A few days ago, I took a drive with my son to go visit my parents and we got into an eye-opening conversation. I was telling my son how I gained weight and I had been procrastinating to take back control of my healthier lifestyle. My son looked at me and asked a simple yet profound question, "What can you do about it and why would you wait?"
He continued on to assure me that it’s okay to procrastinate for a bit. I knew he was right, but I also knew that my inner voice would eventually make me look at the home within that I worked hard to build. In that moment, I made a promise to myself that I would eliminate 3 negative habits and add 3 positive habits.
To get back on track, I said I would stop drinking coffee and eliminate wheat and dairy from my diet. I promised myself that I would replace those eating habits with raw food, green juices and a weekly workout regimen.
But I also knew it would take effort to get back into my healthy routine. I recognized that I had not been pushing myself to focus on my health recently because it would feel like a restrain in addition to the one I was already battling - a 2-year divorce.
The divorce process took every inch of me and my body and made me feel like I was at war with myself. The last thing I wanted to do was wake up at 4 am and practice or eat raw food. I wanted nurturing, warm, cooked food, but I didn’t want to make it myself because I had no desire to be in my kitchen - a place where I shared love and laughter with my family that was now falling apart.
I had been so caught up in the external world and the court - focusing on abuse and unsettling issues - that I almost forgot my practice. For the past 20 years, my practice had supported me along the journey of ending a long and unhealthy relationship and finally moving forward. But I had eventually found myself putting more emphasis on morning coffee and extra hours of sleep instead of nurturing my home within.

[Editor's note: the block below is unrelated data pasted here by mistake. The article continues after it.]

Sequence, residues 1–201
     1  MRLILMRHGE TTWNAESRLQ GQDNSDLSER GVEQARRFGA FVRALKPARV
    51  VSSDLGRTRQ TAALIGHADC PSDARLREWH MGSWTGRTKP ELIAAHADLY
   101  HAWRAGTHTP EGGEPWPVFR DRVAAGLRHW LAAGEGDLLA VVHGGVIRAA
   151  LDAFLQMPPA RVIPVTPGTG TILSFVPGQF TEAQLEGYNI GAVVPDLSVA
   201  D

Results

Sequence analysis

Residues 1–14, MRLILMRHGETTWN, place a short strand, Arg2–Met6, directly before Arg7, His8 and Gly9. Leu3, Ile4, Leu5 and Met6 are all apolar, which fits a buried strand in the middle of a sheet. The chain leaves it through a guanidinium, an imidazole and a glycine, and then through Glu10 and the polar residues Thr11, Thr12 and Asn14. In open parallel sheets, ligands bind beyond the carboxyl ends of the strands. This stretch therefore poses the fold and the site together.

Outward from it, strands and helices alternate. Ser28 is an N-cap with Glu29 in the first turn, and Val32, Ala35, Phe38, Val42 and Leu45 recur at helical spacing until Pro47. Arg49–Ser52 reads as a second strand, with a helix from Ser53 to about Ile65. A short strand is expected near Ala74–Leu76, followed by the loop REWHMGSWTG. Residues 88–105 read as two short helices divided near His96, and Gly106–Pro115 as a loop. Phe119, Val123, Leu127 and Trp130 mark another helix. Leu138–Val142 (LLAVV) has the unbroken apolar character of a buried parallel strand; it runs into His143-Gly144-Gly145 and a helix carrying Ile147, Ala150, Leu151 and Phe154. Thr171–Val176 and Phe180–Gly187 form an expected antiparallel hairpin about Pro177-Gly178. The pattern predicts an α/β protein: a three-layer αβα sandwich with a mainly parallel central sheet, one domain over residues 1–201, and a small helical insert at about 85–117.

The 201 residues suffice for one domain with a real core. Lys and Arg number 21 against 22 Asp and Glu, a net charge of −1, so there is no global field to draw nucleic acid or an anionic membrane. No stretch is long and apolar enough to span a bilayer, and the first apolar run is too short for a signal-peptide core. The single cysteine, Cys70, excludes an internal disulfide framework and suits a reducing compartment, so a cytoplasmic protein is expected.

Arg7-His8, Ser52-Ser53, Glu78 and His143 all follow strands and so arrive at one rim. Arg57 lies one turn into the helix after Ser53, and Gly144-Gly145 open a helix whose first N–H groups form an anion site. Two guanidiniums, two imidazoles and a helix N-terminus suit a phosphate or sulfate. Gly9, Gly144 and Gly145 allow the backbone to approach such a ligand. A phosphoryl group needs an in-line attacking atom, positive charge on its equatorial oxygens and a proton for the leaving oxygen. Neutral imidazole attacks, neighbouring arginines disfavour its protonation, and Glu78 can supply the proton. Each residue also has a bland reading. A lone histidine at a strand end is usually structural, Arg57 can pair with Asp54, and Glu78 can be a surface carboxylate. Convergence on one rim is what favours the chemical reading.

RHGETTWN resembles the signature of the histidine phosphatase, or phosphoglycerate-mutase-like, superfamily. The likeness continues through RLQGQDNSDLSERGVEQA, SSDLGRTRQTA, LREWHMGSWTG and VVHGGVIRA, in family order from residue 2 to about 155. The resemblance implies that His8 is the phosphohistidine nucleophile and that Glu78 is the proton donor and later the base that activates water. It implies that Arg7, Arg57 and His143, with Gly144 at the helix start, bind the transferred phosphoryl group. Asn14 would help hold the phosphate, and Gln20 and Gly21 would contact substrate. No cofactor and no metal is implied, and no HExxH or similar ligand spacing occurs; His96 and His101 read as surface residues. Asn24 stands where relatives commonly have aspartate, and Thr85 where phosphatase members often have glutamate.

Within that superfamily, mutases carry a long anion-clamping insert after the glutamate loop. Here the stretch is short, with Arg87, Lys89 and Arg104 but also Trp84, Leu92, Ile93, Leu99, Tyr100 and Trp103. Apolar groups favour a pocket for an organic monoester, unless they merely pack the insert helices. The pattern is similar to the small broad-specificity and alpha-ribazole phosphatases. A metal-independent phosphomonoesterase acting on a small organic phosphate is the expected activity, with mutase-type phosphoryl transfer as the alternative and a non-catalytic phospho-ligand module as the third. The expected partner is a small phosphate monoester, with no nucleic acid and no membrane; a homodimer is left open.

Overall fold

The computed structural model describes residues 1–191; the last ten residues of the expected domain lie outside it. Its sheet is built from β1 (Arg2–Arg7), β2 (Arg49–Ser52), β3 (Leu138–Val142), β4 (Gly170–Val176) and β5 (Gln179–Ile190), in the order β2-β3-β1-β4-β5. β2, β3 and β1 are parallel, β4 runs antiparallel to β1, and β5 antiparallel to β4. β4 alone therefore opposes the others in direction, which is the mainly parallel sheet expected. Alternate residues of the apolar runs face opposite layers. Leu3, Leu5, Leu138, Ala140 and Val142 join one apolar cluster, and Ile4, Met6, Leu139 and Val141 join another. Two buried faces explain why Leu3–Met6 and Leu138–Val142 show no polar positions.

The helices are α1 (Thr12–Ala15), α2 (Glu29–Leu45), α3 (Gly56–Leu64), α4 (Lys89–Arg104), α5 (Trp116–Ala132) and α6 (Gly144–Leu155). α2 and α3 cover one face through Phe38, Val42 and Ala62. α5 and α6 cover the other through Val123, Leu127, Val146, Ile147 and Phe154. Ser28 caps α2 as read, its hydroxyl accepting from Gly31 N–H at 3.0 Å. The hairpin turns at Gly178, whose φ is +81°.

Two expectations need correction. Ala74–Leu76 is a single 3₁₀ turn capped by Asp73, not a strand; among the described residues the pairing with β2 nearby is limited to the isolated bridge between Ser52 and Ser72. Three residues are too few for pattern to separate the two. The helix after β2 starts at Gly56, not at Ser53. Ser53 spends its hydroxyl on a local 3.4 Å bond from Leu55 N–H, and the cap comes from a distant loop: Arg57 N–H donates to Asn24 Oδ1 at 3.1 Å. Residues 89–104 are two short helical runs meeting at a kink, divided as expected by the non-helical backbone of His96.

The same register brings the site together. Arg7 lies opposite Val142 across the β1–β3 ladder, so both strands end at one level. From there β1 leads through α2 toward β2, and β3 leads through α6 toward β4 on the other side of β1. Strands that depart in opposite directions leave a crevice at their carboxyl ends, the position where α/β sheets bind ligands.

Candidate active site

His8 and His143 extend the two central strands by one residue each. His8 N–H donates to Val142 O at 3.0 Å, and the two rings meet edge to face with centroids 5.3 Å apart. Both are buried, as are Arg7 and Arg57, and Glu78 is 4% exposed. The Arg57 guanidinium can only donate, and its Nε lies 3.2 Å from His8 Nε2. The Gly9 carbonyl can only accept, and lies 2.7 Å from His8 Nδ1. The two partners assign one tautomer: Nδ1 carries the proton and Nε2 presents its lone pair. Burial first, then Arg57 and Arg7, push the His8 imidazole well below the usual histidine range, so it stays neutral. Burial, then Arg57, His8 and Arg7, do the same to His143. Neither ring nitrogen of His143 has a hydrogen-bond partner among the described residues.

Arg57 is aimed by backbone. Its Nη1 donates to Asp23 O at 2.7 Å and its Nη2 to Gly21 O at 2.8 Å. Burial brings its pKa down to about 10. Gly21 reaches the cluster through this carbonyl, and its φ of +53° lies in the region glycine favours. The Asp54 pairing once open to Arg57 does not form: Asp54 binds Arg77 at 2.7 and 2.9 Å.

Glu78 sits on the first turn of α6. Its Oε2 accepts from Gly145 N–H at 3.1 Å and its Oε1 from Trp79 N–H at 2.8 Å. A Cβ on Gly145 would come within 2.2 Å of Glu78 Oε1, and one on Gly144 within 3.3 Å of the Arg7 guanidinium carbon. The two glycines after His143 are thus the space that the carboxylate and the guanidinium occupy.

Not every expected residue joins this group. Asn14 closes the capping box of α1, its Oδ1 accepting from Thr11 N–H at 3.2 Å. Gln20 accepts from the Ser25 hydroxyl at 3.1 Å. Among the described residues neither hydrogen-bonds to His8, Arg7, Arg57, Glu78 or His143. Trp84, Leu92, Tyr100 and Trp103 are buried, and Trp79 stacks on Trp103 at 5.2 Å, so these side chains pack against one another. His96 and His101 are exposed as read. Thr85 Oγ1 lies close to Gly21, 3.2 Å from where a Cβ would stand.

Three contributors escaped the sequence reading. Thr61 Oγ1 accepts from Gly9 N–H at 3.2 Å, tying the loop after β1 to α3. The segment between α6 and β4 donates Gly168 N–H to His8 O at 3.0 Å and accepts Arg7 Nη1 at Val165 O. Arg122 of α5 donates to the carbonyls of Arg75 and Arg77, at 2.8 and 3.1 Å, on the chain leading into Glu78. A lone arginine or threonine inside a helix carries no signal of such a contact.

Some kind, non-judgmental words from my dear friend, Anne Novak, truly helped me through this darker time. "Rest and when it’s time, you will get back on track." She kept reminding me not to stay in the victim space and that everything in my life was here to teach me something.
While I drove across the Tappan Zee Bridge with my son, I could hear my inner voice and Anne's words come to surface again. It told me that I am ready to take charge of my life again, wake up and be steady, and I agreed. If there's one thing I know about myself, it's that when I make a decision, I don't wait, I take charge!
And in that moment, I saw the beauty of the situation. My son was teaching me the lesson of love and nurture. That we are here on this Earth to circle our energy and stay grounded. It's important not to attach to material possessions or to our issues so much that we forget who we are. We must always put more energy into what we desire and what is aligned with our highest Self.
So now, I am on the beginning of my journey of returning to my healthy lifestyle. I am happy to be practicing my Abyanga belly oil massages in the morning again. And although I feel the strong withdrawals of coffee, I still feel more alive, clear and energetic.
Adversity is real, but it strips away everything, and whatever is left is the source of who we are. All that matters is that we are fully awake, aware, and ready to face the day, but from a place where we are connected to serving our lives and not as victims of this crazy world.
In closing, it feels good to be back and to regain control of my body and mind and to realize that what we put into our body directly affects our lives and everyone around us. We have a responsibility to better ourselves - for us first - but also for anyone we are lucky to call part of our lives.
With love and gratitude,